Typical measured values of color for pixels in the center of the image are approximately 600 DN. At this level, an increase of 6 DN (a 1% change in radiance) leads to −3.5° and −2.0° changes in slope for the x and y directions, respectively. Changes on this order of magnitude, which are observed in backlight intensity fluctuations over periods of time from minutes to hours, are a source of systematic slope retrieval errors. Corrections for systematic slope errors are performed by subtracting the mean slope from each measurement prior to topographic retrieval steps. Alternative backlight intensity fluctuation correction schemes may make use of the blue channel, though this approach was not explored in great detail.

b. Sources of image distortion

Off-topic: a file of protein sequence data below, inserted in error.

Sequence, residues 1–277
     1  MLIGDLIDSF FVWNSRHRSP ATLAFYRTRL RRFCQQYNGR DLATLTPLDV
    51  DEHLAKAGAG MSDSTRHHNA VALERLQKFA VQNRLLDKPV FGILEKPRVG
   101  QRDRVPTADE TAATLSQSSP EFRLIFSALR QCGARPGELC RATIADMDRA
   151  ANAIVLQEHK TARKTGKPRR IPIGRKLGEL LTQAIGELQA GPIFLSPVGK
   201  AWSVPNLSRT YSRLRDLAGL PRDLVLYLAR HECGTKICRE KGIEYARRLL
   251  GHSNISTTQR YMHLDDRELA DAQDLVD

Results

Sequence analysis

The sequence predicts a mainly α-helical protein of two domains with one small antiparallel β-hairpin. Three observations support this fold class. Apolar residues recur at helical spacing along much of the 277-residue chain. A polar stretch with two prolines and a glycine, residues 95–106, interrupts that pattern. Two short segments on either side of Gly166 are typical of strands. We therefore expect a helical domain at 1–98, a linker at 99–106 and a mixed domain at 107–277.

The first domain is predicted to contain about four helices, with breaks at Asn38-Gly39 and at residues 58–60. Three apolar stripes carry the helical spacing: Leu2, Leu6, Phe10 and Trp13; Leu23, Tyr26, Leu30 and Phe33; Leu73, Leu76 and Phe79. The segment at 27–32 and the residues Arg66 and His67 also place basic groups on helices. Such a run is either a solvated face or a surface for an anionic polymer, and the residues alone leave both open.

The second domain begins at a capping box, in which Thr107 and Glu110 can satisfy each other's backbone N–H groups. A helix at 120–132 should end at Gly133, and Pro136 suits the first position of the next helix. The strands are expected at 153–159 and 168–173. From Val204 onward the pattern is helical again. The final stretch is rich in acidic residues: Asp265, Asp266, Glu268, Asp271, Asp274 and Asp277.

Proper exposure settings involve a trade-off between exposure time and aperture f number. Long exposure time leads to motion blur caused by the time rate of change of slope, which is highest for waves with large wavenumbers and high angular velocity (small capillary waves) and where slope is discontinuous, such as the sharp crests of gravity waves. The finite exposure time made necessary by limited lighting intensity may obscure very fine features. For minimal motion blur, stroboscopic illumination is suggested. With only limited-intensity light sources of fluorescent lights, low f-number aperture settings are required. Low f-number apertures produce images subject to vignetting (reduced sensitivity) for pixels at the edge of the field of view. Low f-number settings also limit the depth of field to elevations within a few centimeters of the focal plane. Thus, sharp features on the crests and troughs of very high-amplitude waves (approximately 5 cm using this apparatus) may be blurred. The trade-off chosen here is one to minimize motion blur with the aperture fully open, and only a case of limited amplitude waves is discussed in this work.